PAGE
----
Opinion: How to survive winter



Lyndsey Schley

Lyndsey Schley

Lyndsey Schley is a sophomore news major and columnist for the Daily Kent Stater. Contact her at [email protected]

I grew up in Ohio, which means I have experienced the whole spectrum of weather. Tornadoes, droughts, floods — you name it, we have had it sometime in my life.

The main season that many people have trouble adjusting to is winter. I especially have this problem, as I am very sensitive to the cold. However, I have learned how to deal with nearly everything winter can throw at you.

My first suggestion is to get a good pair of boots. They should be very warm, be waterproof and have a nonslip sole. You should make sure they have enough room in them to fit in some warm socks in case it gets very cold. My boots have a removable inner layer, which can be thrown in the dryer if they get wet from snow. It is not necessary, but it is a nice feature.

My next suggestion is to make sure you have a hood on your coat, because really nothing keeps your head and neck warm the way a hood does. I bought a coat this year without a hood, which in hindsight was not a good idea. However, it is possible to make something similar out of a scarf. Sit a thicker scarf on the top of your head, spread out so you can get as much surface area out of it as you can. Take the leftover scarf on either side and wrap it just over where the last layer ends. Tuck it into your jacket and you have something that feels very much like a hood.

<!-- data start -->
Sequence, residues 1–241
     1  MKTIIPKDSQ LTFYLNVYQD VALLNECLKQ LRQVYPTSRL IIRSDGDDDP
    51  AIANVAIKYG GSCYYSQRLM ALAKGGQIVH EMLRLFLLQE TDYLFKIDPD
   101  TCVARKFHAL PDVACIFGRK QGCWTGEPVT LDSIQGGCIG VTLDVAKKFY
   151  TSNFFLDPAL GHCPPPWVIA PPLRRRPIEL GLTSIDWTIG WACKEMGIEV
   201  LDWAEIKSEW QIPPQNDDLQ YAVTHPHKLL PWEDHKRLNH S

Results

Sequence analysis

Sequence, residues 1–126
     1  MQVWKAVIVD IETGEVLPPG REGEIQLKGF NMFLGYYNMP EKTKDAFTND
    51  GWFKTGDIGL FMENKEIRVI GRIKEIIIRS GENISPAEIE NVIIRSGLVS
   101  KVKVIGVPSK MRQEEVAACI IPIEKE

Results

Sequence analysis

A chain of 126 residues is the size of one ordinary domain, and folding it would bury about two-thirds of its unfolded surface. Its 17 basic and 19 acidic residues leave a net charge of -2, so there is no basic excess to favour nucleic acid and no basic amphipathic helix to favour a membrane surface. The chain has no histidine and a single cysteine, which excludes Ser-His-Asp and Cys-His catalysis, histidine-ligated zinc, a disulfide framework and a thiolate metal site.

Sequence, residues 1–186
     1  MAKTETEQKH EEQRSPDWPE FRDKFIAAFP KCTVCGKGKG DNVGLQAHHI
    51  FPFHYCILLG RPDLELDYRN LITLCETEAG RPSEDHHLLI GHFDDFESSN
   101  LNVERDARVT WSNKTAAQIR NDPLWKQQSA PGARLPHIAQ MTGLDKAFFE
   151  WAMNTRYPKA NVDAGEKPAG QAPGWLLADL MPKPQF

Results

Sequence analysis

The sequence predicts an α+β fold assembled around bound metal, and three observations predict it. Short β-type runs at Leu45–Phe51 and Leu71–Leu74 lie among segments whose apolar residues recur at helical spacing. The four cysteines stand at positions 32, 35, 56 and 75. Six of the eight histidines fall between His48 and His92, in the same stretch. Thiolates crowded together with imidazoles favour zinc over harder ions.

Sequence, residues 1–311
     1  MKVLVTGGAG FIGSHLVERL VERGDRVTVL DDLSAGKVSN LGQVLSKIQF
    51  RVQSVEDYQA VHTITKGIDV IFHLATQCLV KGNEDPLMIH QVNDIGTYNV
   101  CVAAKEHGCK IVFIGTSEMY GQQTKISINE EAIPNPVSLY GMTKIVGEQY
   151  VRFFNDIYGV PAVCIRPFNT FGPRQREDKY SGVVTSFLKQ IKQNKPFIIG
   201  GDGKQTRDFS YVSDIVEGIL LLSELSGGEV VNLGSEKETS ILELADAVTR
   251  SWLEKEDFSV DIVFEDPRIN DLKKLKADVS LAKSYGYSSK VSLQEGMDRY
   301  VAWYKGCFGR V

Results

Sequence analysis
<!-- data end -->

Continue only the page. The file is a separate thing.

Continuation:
For those frigid days, put long underwear or tights on under your pants. The same trick applies with multiple pairs of tights if you want to wear a dress.

Remember layers. Just because it is cold outside, does not mean someone has not cranked up the heat in a classroom. Heck, a frigid morning can even lead to a spring-like afternoon. Layers ensure you are warm when you need to be and can simply take off a hoodie or cardigan if you find yourself somewhere toasty.

Many people let the gloom of winter get to them, but surviving winter is really about learning how to make it fun. Pick up a cheap sled and go sledding down one of the many hills on campus. Go ice skating, either at the ice arena or at an outdoor venue.

If you are interested in skiing or snowboarding, Boston Mills and Brandywine ski resorts are both about 35 minutes away from campus. If you want winter thrills but without the skill needed for those activities, The Chalet in Strongsville offers tobogganing. They just put in a lift to carry the toboggans up the hill, which is great because carrying a 50-pound sled up steep stairs is no party.

Winter may be frightening, but there are plenty of ways to beat the cold. All bundled up, the negatives of winter can melt away, allowing you to enjoy the beauty and fun of a winter wonderland.